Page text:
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The Pandemic Is A Financially Challenging Marathon Not A Sprint

When COVID-19 first made its appearance, I think most of us imagined it would be a fairly short-lived event. However, as it is, the social distancing, the closure of businesses, the remote working, the unemployment, all of these things are apparently going to continue into at least the spring of 2021, perhaps even longer.

No one was ready for this. It wasn’t like we were in training for it. Those of us who thought it would be an easy sprint are now realizing it is a full-on marathon. And anyone who’s ever run a marathon knows that you have to train for at least a year to be physically, mentally and emotionally fit to run one.

We Do Our Best To Plan For The Unexpected But Can’t Plan For The Unknown

The one thing about life is that you simply never know what might happen. We do our best to plan for things base on the past, but when something we’ve never experienced before happens, we have to do our best to ride it out and learn as we go.

If You Have A Retirement Fund

If you have established a retirement fund and are in a position to continue contributing that’s wonderful. Keep contributing and keep your focus on the long-term goals. Maintain correct allocations between short, mid, and long-term investment buckets.

If you are no longer able to contribute but don’t need to withdraw funds, that’s great news too. However, if your circumstances require that you take funds out of your retirement plan, note that while Congress made it easier to take a withdrawal without incurring penalties, it’s not guaranteed you’ll be able to get your money out. It all depends on if your retirement fund is with your employer. It turns out that retirement plan providers read the new law’s withdrawal exemption as an optional plan feature. That means the decision whether to offer this or not is up to your employer.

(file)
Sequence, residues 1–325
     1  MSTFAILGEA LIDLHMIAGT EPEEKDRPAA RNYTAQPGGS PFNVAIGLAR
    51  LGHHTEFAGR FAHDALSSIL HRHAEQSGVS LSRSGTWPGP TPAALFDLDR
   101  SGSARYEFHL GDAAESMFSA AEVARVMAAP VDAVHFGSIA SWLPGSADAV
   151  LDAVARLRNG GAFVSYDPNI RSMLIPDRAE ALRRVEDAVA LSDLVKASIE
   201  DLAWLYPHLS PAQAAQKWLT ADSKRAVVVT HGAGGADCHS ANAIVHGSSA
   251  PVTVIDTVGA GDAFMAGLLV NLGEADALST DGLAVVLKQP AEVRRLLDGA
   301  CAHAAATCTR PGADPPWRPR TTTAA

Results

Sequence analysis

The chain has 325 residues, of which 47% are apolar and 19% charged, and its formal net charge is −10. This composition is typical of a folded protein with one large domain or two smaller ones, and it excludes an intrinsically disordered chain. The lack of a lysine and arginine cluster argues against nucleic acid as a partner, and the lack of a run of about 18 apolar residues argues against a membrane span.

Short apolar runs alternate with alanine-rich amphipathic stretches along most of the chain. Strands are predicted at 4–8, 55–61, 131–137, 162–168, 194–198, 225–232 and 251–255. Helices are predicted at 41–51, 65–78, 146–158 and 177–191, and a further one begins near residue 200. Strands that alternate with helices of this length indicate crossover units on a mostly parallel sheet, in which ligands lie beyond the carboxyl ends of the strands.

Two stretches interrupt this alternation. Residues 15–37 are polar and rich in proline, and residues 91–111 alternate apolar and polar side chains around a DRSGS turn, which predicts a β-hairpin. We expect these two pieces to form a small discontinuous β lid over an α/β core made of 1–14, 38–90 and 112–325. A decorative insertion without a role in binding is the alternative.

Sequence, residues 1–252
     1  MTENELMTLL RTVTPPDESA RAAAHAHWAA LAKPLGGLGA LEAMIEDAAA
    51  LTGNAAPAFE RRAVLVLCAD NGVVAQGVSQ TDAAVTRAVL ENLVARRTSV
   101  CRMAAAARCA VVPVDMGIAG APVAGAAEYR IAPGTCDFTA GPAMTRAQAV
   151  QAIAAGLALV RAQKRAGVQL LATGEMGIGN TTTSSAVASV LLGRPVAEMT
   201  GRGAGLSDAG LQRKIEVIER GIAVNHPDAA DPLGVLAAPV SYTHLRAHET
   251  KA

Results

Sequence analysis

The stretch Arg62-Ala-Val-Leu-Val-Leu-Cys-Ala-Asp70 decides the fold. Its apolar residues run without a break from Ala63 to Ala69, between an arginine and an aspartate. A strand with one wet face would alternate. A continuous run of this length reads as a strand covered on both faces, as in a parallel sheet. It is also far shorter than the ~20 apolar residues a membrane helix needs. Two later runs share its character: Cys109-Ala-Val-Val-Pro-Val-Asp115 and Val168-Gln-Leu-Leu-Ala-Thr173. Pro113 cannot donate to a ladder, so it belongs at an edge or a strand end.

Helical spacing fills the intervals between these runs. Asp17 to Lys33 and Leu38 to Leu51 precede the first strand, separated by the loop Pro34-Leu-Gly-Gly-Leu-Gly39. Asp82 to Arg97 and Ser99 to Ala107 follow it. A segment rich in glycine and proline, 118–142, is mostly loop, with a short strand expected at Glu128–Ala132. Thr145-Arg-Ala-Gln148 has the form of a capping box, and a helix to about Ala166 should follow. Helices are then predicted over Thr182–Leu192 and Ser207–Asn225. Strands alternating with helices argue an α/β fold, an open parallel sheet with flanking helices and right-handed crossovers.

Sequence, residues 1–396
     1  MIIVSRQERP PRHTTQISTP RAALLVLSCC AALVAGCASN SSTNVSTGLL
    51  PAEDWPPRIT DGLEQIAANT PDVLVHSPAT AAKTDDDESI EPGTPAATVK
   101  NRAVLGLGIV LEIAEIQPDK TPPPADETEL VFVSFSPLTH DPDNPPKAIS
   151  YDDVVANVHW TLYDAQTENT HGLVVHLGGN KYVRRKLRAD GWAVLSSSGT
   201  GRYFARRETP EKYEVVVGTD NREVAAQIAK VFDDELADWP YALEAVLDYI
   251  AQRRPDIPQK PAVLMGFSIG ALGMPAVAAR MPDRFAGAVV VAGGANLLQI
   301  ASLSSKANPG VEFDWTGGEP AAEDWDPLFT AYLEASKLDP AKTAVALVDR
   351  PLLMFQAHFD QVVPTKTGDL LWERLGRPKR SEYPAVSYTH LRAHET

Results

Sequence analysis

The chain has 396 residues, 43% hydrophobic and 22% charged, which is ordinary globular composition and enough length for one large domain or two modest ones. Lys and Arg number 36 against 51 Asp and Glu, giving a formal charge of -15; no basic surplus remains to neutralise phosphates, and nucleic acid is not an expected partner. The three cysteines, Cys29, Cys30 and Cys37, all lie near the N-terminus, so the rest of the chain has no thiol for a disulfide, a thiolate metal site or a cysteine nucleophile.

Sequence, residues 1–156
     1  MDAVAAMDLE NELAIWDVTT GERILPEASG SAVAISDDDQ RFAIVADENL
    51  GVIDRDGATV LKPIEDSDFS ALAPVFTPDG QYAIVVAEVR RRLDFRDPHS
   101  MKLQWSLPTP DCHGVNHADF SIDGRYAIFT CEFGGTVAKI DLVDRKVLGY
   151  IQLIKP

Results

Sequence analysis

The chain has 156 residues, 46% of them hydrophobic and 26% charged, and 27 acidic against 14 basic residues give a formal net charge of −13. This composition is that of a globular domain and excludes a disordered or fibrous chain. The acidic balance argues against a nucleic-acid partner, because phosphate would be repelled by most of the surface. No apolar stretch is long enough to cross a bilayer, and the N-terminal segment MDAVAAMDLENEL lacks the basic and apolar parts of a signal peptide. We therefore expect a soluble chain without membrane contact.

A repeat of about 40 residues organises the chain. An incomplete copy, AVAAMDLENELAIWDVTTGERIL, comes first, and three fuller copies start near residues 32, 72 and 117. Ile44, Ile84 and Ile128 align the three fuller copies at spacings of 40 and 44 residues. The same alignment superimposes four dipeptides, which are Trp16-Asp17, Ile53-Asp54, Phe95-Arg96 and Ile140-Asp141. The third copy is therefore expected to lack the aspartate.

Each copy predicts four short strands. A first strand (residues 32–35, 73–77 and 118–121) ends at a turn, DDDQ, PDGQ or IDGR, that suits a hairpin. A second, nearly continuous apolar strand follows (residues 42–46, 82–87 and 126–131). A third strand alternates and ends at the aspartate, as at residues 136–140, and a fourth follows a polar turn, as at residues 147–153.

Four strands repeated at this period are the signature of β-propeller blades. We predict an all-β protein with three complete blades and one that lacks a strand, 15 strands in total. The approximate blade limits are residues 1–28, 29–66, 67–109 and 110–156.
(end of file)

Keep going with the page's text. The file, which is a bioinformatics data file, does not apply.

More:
According to an article at, “There are a lot of employers that have decided not to implement the Coronavirus Related Distributions. Almost half, 44%, of plan sponsors were still deciding which of the CARES Act provisions to implement, according toa survey by the Plan Sponsor Council of America released April 14. Of employers that have made a decision, almost 70% of large organizations are allowing CRDs up to $100,000 or 100% of the vested amount, as opposed to only about one in five smaller organizations.”

If your retirement funds aren’t in an employer plan you will be able to make withdrawals. And, if you have a Roth IRA, you can withdraw any money you’ve directly invested into the account at any time, without taxes or penalties.

Be Alert To Scams

Your trusted fiduciary financial advisor will be able to guide you if you are considering making a withdrawal. But only take advice from a financial advisor you know and have worked with. Tragic circumstances attract scammers who will do their best to lure you with attractive investment opportunities. They may suggest taking more money out of your retirement account to invest in short term “opportunities” to make up for the pandemic related losses. Don’t do it. It’s bad enough negotiating the sacrifices we all have to endure. You don’t need to be scammed in the midst of a pandemic. Be cautious. This is a marathon and you need to protect every resource you have to see you through to the end.

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